By lunch time, the tear gas was once again wafting up from Taksim Square. The usual crowds thronged the street, those with masks and hard-hats back at, or in excess of, the proportion of the night before. Our taxi got us out of town avoiding blocked roads and police lines. As we crossed a junction near Taksim the protestors completely filled the streets. Politely and with no issues they cleared a space for us to pass. Down the road a water cannon was making its way towards them. A few metres along the side street we had now taken a lone woman, perhaps in her late 60s, stood rigidly in the street a few metres from her front door. Her expression, one of fury, was matched by the manner with which she banged the pot in her hand.
At the airport I checked for updates from friends and colleagues. Many were moving out of town or heading home early. Many posted pictures of their personal experiences; blocked roads, clouds of tear gas, police loading chemicals into the water tanks of their cannons, spent shells, police storming hotel receptions. Others reported passing the army gathering on the outskirts of town. Others saw pro-government demonstrators being bussed or sailed in to the counter demonstration. Ominously, a number witnessed coaches arriving near the Conference Centre full of plain clothed police; their future role unclear, although video clips on the internet suggest they are primarily snatch squads.
On Youtube you can find a wonderful rendition of ‘Can you hear the people sing Gezi Park’, an uploaded clip features a group of protestors singing, in English and Turkish, the rousing revolutionary anthem from Les Miserables.* Look closely at them. Other than the balance of the choir being predominantly female, this is a good representation of the type of people who I saw in the streets around Taksim over the weekend. For standing up to an increasingly oppressive regime they are putting their lives in danger. In any other European city they will be out shopping, going to the cinema, sitting in bars and cafes.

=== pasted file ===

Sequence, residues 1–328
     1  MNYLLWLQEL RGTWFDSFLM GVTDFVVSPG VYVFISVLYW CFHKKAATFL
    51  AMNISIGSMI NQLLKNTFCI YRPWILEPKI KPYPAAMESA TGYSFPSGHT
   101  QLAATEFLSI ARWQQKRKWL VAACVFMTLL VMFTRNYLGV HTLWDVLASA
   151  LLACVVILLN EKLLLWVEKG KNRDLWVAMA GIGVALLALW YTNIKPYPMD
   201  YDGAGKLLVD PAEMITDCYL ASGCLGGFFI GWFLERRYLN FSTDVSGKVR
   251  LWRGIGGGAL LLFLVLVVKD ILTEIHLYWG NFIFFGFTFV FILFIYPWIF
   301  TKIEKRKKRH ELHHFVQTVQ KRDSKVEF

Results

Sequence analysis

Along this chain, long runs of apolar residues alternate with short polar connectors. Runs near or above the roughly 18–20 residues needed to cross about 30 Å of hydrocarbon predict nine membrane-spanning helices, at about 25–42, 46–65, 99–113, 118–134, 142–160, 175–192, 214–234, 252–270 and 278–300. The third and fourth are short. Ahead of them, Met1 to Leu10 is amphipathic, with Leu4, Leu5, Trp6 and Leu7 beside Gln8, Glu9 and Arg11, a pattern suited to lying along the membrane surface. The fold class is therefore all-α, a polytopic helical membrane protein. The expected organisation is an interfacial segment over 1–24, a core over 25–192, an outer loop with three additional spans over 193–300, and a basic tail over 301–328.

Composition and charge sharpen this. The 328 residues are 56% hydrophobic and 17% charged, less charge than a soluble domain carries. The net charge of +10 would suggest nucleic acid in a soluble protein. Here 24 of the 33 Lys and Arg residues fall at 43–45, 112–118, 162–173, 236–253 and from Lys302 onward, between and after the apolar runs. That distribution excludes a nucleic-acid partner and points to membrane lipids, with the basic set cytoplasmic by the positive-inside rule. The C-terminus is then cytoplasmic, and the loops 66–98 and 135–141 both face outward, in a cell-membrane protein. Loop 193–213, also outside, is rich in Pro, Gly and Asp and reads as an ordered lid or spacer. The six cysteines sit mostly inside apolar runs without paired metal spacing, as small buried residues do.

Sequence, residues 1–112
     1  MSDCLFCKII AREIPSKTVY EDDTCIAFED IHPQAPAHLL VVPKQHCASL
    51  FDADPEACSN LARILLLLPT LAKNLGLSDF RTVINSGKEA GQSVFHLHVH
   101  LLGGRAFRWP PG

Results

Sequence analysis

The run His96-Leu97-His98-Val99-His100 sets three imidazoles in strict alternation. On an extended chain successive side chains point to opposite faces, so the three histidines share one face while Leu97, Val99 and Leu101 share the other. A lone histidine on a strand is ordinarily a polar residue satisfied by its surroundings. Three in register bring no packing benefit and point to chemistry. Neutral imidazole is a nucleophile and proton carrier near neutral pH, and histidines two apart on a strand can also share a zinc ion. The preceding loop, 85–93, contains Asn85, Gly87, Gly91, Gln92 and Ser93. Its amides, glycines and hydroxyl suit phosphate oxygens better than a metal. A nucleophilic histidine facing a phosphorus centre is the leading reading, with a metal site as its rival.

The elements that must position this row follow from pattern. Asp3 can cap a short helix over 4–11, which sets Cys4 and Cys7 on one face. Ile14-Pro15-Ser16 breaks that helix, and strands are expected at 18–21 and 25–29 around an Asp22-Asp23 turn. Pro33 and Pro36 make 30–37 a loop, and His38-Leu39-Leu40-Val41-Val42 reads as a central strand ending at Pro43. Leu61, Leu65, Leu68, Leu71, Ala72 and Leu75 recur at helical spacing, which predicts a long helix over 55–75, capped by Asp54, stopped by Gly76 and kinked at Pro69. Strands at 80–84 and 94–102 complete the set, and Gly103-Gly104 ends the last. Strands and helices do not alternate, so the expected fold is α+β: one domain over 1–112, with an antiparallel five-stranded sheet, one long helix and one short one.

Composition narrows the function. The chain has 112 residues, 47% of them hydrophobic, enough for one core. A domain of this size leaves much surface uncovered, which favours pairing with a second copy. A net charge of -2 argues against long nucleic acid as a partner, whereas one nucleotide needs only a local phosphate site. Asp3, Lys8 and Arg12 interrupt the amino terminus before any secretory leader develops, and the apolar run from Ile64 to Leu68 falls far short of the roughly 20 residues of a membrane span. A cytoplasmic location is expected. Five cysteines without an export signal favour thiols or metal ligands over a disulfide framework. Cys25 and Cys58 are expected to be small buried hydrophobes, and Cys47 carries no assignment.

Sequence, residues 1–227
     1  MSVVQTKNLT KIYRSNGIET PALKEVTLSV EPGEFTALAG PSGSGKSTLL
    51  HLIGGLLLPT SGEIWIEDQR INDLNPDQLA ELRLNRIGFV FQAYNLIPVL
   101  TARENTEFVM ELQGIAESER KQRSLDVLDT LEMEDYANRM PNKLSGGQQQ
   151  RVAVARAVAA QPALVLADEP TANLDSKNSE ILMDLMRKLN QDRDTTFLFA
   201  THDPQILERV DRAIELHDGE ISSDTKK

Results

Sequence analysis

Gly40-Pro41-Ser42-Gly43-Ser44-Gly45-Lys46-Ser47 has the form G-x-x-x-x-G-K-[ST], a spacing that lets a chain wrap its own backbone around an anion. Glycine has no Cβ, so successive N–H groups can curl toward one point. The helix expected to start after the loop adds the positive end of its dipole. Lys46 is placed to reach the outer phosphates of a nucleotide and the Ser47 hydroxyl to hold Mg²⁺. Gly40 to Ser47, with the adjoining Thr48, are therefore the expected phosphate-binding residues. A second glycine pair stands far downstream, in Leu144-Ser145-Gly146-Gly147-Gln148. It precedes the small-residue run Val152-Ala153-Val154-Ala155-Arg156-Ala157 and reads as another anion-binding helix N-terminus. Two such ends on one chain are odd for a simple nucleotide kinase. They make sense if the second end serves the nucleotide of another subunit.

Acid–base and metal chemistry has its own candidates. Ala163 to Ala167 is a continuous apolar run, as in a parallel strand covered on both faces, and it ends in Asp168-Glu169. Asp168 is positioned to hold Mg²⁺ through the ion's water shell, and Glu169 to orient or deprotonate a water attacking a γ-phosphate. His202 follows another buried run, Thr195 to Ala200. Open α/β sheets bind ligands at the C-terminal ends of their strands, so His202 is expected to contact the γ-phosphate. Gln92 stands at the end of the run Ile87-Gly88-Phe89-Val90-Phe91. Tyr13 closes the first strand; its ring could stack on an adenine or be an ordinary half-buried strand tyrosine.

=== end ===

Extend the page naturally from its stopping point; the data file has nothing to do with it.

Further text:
A number of trade unions have now announced strikes in support of the protestors while the Government has announced the threat of using the army. In an Orwellian proclamation Erdogan claimed he cleared Gezi Park because it belongs to everyone not just the protestors. The reality is it is being handed to profiteers to tear down and develop.
Erdogan’s determination to crush this protest is precisely the attitude that is fuelling the growth of the backlash. His stage managed supporter’s rallies and calls to patriotism may appeal to those whose primary desire is to maintain their new found prosperity but for many they are the final straw. Over the days and weeks ahead I imagine more will echo the comments of three of my new Turkish friends who, completely independently told me the same thing: ‘Things are really bad; Erdogen has to go, we are no longer afraid.’ I don’t know if he’ll lose this battle but I’m not convinced he’ll win the war. He may yet have to hear the people sing.
*The same theme is now being used more widely to back images and posts about the Gezi Park occupation
Mark Chivers, Chair of South East Dorset Green Party, who was in Istanbul training as a Climate Leader with Climate Reality.